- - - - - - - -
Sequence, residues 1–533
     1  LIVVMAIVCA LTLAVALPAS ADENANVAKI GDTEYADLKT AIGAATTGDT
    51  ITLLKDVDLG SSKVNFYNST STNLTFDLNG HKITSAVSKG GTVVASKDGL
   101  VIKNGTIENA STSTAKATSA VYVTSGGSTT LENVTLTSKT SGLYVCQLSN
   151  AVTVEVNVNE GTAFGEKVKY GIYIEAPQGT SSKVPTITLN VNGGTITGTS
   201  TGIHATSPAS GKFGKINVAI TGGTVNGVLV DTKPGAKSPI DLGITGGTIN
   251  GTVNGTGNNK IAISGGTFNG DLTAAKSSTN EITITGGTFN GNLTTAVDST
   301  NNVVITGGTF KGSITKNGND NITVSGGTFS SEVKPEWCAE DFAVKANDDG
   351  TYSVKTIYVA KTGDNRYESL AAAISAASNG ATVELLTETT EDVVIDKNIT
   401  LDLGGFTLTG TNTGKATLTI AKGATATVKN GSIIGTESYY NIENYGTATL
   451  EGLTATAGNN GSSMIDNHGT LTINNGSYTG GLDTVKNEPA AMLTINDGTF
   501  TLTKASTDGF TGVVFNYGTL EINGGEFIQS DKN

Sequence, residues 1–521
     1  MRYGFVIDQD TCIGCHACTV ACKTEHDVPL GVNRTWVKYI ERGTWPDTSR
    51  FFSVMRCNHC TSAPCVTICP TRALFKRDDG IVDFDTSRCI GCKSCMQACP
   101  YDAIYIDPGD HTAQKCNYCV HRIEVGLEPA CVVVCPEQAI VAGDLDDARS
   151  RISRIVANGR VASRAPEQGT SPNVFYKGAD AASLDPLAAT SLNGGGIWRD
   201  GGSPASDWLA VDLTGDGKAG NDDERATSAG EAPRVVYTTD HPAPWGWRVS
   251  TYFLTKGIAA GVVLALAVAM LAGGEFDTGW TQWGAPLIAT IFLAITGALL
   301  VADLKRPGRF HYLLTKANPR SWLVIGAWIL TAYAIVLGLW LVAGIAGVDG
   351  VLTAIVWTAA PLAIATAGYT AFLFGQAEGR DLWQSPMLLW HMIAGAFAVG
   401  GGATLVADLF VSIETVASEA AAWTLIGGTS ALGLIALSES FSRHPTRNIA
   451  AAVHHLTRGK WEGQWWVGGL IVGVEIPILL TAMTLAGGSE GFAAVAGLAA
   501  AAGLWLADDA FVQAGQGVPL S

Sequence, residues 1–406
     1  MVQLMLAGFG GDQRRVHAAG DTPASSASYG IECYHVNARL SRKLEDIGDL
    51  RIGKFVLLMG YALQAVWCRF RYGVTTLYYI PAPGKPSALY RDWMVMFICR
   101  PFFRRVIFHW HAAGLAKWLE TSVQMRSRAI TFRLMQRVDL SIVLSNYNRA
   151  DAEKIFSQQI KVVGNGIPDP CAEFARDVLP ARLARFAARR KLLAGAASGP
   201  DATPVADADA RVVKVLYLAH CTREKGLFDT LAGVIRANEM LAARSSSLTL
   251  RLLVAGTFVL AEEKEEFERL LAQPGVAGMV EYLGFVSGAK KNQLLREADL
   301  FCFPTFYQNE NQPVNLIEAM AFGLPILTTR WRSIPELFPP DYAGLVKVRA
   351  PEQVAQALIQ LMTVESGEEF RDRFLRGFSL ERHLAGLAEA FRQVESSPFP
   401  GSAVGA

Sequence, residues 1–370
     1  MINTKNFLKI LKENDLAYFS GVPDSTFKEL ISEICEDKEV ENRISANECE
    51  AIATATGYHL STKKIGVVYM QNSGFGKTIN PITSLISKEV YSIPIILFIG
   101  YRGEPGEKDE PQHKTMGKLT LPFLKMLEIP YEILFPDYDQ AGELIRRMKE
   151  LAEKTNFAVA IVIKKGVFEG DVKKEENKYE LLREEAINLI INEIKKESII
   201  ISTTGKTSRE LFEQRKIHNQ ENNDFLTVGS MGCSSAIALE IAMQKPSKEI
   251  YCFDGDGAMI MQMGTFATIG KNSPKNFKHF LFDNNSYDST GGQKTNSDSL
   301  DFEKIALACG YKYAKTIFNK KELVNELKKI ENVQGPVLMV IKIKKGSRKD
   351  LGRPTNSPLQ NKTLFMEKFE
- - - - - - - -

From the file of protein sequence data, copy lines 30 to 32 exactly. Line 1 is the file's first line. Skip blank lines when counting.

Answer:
   201  DATPVADADA RVVKVLYLAH CTREKGLFDT LAGVIRANEM LAARSSSLTL
   251  RLLVAGTFVL AEEKEEFERL LAQPGVAGMV EYLGFVSGAK KNQLLREADL
   301  FCFPTFYQNE NQPVNLIEAM AFGLPILTTR WRSIPELFPP DYAGLVKVRA